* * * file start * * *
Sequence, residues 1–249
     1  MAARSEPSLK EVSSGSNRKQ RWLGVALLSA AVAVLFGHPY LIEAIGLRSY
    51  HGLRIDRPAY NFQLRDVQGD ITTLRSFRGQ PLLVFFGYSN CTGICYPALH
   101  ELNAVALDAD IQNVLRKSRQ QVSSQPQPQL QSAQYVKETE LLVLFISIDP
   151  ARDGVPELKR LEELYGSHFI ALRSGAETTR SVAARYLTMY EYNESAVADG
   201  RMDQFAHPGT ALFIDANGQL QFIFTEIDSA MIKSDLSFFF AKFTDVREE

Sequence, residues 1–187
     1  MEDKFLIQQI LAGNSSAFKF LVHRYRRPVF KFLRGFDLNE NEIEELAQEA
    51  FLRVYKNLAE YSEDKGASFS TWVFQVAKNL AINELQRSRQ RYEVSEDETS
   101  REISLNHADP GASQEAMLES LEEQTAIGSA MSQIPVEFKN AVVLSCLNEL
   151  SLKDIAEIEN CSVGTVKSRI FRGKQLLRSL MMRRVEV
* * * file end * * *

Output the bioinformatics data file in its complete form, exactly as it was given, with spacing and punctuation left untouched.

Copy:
Sequence, residues 1–249
     1  MAARSEPSLK EVSSGSNRKQ RWLGVALLSA AVAVLFGHPY LIEAIGLRSY
    51  HGLRIDRPAY NFQLRDVQGD ITTLRSFRGQ PLLVFFGYSN CTGICYPALH
   101  ELNAVALDAD IQNVLRKSRQ QVSSQPQPQL QSAQYVKETE LLVLFISIDP
   151  ARDGVPELKR LEELYGSHFI ALRSGAETTR SVAARYLTMY EYNESAVADG
   201  RMDQFAHPGT ALFIDANGQL QFIFTEIDSA MIKSDLSFFF AKFTDVREE

Sequence, residues 1–187
     1  MEDKFLIQQI LAGNSSAFKF LVHRYRRPVF KFLRGFDLNE NEIEELAQEA
    51  FLRVYKNLAE YSEDKGASFS TWVFQVAKNL AINELQRSRQ RYEVSEDETS
   101  REISLNHADP GASQEAMLES LEEQTAIGSA MSQIPVEFKN AVVLSCLNEL
   151  SLKDIAEIEN CSVGTVKSRI FRGKQLLRSL MMRRVEV